A coalition of animal rights groups are looking to get Utah’s law banning the recording of agricultural facilities without consent taken off the books. PETA, the Animal Legal Defense Fund (ALDF), and others filed suit in a Utah district court alleging that the controversial “ag gag” law violates the First Amendment, the Supremacy Clause, and the Fourteenth Amendment of the US Constitution.
Laws like the one in Utah are used by the agribusiness industry to prevent public relations fiascos like the one faced by Hallmark Meat Packing Co. in 2007. Undercover video of sick “downer” cattle being forced to slaughter with forklifts and cattle prods led to the largest beef recall in US history and bankrupted the plant. Last year, animal rights activist Amy Meyer was the first to be charged under the new Utah law after filming a downer cow being pushed with a bulldozer outside a Utah slaughterhouse. She was later acquitted after it was found that she had been filming from public property.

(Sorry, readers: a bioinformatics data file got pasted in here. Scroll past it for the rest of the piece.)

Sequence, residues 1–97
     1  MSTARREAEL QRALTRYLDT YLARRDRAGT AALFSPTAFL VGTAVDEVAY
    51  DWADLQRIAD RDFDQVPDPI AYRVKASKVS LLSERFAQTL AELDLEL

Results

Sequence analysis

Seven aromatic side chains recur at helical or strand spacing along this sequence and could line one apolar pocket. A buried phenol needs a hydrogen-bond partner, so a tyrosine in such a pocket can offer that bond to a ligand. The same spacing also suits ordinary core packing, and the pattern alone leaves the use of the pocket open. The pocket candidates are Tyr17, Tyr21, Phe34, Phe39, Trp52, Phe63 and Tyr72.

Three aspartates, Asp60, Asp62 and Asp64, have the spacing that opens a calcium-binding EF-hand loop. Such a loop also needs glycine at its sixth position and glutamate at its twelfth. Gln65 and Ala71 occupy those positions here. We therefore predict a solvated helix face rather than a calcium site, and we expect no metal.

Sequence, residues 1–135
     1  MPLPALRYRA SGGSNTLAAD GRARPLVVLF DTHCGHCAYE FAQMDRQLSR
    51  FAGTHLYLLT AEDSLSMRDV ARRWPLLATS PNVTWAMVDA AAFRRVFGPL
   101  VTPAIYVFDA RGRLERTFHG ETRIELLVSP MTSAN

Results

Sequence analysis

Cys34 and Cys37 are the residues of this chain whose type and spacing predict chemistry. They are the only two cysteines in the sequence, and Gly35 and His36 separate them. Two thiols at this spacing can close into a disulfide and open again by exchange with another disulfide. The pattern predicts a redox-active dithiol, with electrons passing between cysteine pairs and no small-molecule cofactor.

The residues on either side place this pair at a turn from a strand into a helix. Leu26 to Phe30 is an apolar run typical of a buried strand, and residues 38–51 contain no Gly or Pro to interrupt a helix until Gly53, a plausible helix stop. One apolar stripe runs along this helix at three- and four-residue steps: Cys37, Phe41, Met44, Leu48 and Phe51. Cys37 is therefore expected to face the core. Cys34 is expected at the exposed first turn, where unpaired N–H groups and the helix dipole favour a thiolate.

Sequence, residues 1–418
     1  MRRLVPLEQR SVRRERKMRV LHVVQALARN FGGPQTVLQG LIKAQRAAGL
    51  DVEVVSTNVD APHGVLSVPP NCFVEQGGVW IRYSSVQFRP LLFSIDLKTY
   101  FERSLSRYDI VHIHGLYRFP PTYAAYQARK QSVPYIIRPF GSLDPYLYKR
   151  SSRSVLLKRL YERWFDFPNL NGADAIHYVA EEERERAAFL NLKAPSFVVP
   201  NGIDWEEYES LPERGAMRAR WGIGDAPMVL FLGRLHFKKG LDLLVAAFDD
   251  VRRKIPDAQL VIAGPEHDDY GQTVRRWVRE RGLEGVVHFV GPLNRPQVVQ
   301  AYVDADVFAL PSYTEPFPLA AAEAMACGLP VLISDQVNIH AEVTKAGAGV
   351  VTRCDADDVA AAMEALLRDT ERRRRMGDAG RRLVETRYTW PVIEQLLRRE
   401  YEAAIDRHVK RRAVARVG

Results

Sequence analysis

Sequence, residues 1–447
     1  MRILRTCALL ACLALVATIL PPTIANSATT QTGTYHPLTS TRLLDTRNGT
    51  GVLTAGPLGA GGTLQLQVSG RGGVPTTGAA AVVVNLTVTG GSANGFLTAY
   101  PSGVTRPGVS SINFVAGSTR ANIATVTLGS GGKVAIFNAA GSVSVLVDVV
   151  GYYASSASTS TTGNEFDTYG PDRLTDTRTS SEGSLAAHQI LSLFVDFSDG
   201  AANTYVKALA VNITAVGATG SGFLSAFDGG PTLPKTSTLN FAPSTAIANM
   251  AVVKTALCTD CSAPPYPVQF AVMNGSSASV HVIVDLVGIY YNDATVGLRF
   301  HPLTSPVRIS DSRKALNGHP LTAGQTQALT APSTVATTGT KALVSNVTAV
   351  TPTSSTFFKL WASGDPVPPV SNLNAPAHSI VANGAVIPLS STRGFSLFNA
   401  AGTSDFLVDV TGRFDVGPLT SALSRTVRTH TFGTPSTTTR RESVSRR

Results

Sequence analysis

The crime of "agricultural operation interference" restricts critical speech
This suit, which includes Meyer in its list of plaintiffs, is the first to challenge the Utah law, arguing that the crime of "agricultural operation interference" restricts critical speech about practices that are vital to the public interest, and makes it difficult to enforce existing federal law. They also argue that it's "motivated by animus toward a politically unpopular group — animal rights activists," allegedly violating the Fourteenth Amendment. But as the Utah law's constitutionality stands to be reconsidered, the spread of “ag gag” laws throughout the rest of the country doesn’t appear to be slowing down. Mother Jones reports that similar laws have been enacted in eight states and introduced in 15 others.